History in Household Objects


How much history do you have in your home? Does your family have one of the objects shown here — tucked away in a closet or stowed in the cellar? At one time, many families had at least one of these objects. Now, they are history!


fondue stereo

Still wondering what happened to these artifacts of pre-digital America? They're on the Web, at EDSITEment. Just click the At Home in the Heartland Online link and you'll find them in the section called At Home in a House Subdivided, which takes a look at life in Illinois since 1950. But before you go online, get together with a parent or grandparent to talk about these objects and what family life was like way back when.

First, ask your family member to identify each object and tell you what decade it comes from. Write his or her answers into the chart, then use the ""Talking Points"" to find out more about each object. Finally, work together to pick two objects that you would put into a museum of family life in the '80s and '90s, and write their names into the chart.

Talk about these objects, too, and on a separate piece of paper, write a description of each object that includes a short explanation of its historical significance. When you've finished, share your ""household history"" with that of your friends.

Then, admit it: historical research can be fun!

Talking Points

Print out the PDF chart to fill in, or conduct an informal discussion.

For each household object, ask:

  1. How was the object used by families? When was it used -- on special occasions or everyday? During family times or by individual family members? Did it say something about the character of the family and how they spent time together?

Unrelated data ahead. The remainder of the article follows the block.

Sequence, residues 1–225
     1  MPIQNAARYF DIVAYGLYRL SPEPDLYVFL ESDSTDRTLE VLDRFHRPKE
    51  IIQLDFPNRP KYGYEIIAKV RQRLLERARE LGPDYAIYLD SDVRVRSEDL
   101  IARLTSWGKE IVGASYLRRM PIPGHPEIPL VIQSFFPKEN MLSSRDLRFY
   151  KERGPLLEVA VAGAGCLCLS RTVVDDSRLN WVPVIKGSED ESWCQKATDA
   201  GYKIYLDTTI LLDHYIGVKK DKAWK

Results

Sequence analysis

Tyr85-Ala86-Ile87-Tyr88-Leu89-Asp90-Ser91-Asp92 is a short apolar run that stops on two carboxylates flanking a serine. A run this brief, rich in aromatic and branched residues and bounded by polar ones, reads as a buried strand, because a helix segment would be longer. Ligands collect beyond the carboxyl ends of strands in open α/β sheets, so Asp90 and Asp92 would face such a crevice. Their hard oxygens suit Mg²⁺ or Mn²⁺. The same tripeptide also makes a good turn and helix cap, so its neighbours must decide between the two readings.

2. Who used the object? Who made the decision to buy it? Was it something that ""belonged"" to everyone, or was it used only by certain family members -- for example, by kids more than parents, or by fathers more than mothers? Was it an object that marked one's role in the family?
  3. Was there any particular status associated with the object? Was it the sign of a certain lifestyle or social attitude? Would you be likely to see it in a ""traditional"" household, a ""modern"" household, a ""well-to-do"" household?
  4. Was it considered a ""hi-tech"" object in its day? What kinds of new technologies were coming into the home then? What role did they play in the home? Were they labor-saving devices? sources of leisure time entertainment? part of the decor that makes a house a home?







Objects: Movie camera, 1955; ""Danish Modern"" armchair, c. 1960; Macramé plant hanger, c. 1975; Eisenhower commemorative plate, c. 1954; Fondue pot,